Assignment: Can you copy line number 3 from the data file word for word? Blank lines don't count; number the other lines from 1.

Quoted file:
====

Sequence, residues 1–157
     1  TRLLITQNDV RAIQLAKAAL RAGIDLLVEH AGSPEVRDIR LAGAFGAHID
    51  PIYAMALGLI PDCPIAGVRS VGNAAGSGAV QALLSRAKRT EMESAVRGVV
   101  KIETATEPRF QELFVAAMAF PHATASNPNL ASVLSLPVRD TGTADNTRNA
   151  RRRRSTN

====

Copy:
    51  PIYAMALGLI PDCPIAGVRS VGNAAGSGAV QALLSRAKRT EMESAVRGVV